S&T Interventions in Medicinal and Aromatic Plants for Rural Development in North East India

The North East region of India is unique in many ways. Apart from its endless beauty and rich ethnicity, it is also rich in vegetation and natural resources. The Ministry of Development of North Eastern Region functions as the nodal Department of the Central Government to deal with matters related to the socio-economic development of the eight states of Northeast India: Arunachal Pradesh, Assam, Manipur, Meghalaya, Mizoram, Nagaland, Tripura and Sikkim.

Science and technology, a significant driver of development, plays a vital role in the development of the North East region. There are a few research institutes in the North East region. The oldest is CSIR's North East Institute of Science and Technology (CSIR-NEIST). Set up in 1961 as the Regional Research Laboratory, Jorhat, the laboratory was rechristened as CSIR-NEIST in 2007. Celebrating its Golden Jubilee this year, CSIR-NEIST has played a pivotal role in developing the North East region through S&T interventions, especially concerning medicinal and aromatic plants.

Among the plethora of natural resources, the North East region is very rich in biodiversity. Cultivating medicinal and aromatic plants and producing plant-based medicines and aromatic compounds hold immense potential for the region.

CSIR-NEIST is working since its inception on conservation, tissue culture, captive cultivation, multiplication, development of superior variety, and phytochemical analysis and scientific validation related to medicinal and aromatic plants. The Institute maintains the germplasm of 450 ginger species belonging to the Zingiberaceae family.

In 1972, CSIR-NEIST (then RRL, Jorhat) adopted the hilly Yaongyimchen Village in Nagaland, where the people were involved in jhum or shifting cultivation. The practice was to clear pieces of land, especially near jungles, and cultivate some seasonal crops. Once the harvest was over, they moved to another area and cleared the wild vegetation and cultivated crops. The CSIR-NEIST scientists introduced lemongrass or citronella, an excellent cash crop in the village. The villagers stopped the tedious and inefficient shifting cultivation and took to cultivating citronella. CSIR-NEIST set up a field station in the village with scientists and technical officers handholding the villagers to extend the much-needed support during the initial years.

In time, citronella cultivation was gradually extended on a massive scale in Assam, Arunachal Pradesh and Nagaland with the involvement of State departments and NGOs.

CSIR-NEIST also developed and introduced a high yielding variety with 0.7 per cent oil. Called the C2 variety, it was introduced in other states of the North-Eastern region. Another success story that stands out is that of Pengeri Village of upper Assam.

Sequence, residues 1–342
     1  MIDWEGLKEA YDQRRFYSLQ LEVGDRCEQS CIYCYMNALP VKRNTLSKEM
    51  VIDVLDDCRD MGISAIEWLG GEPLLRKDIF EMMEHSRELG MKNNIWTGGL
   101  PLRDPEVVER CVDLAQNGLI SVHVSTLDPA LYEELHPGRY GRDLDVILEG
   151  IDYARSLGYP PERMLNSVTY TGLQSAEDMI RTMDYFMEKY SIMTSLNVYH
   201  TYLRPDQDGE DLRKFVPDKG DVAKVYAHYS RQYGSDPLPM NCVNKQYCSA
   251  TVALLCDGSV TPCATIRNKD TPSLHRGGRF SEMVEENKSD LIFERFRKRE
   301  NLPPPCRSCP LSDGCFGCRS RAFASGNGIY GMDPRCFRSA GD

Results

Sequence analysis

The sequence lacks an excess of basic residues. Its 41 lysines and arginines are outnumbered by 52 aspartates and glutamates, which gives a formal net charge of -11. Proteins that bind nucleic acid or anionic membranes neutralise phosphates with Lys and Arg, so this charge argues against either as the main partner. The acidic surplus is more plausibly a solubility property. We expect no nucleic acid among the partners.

The Pengeri village, surrounded by jungles, had herds of wild elephants. The villagers found it difficult to cultivate food crops like paddy, which the elephants damaged extensively. CSIR-NEIST introduced the high yielding variety of citronella in the Pengeri village. The elephants steered clear of citronella fields, and gradually, the entire village began citronella cultivation. CSIR-NEIST also assisted in setting up ten citronella oil distillation units in Pengeri village, and further, the Institute also mediated linkages with the market. The villagers' income grew manifold, and soon enough, Pengeri village came to be known as the oil village.

Besides providing agro-technologies and basic market information CSIR-NEIST Jorhat provides extensive training to growers. During 2000-2009 special training programmes were conducted by CSIR-NEIST for 1158 beneficiaries from 8 districts of Assam, 607 beneficiaries from 18 districts of Arunachal Pradesh and 82 from 2 districts of Nagaland.

Today, India has a CSIR-lead nationwide Aroma Mission that focuses on aromatic and medicinal plant cultivation and processing of extracts. Under this mission, in recent times, CSIR-NEIST has developed two unique varieties of citronella called 'Jor Lab L-8' that has more than 1% essential oil and 'Jor Lab C-5' that has more than 1.2% oil. This variety is the highest essential oil yielding varieties in India, where a farmer can obtain almost double the income from a plot of land from earlier.

Beginning from 1971, CSIR-NEIST's S&T interventions in the medicinal and aromatic plant cultivation, processing and extraction, developing products, etc., have initiated and catalyzed this important bio-economy of the region.

In the last three years, with CSIR-NEIST's efforts, more than 1000 hectares of additional crop area has been brought under cultivation with high yielding varieties of aroma crops. The Institute has developed six superior varieties of medicinal and aromatic plants, evolved 12 agrotechnologies for various crops, installed 15 fuel-efficient improved distillation units, and ten more are underway. The Institute has organized 250 awareness and training programmes and has developed eight value-added essential oil-based products. So far, 3000 farmers have been benefitted and most importantly, the average income of the farmers has doubled from Rs. 30,000 to Rs. 70,000 per hectare per year.

CSIR-NEIST also has developed several healthcare and vector control products based on medicinal and aromatic plants. In particular, the anti-arthritis products have been an enormous success, as has been anti-fungal ointments for humans and animals.

A nature oriented economy is most suited for the sustainable and economic development of the North East region. This potential can be unlocked with suitable science and technology interventions, which is a mission of CSIR-NEIST.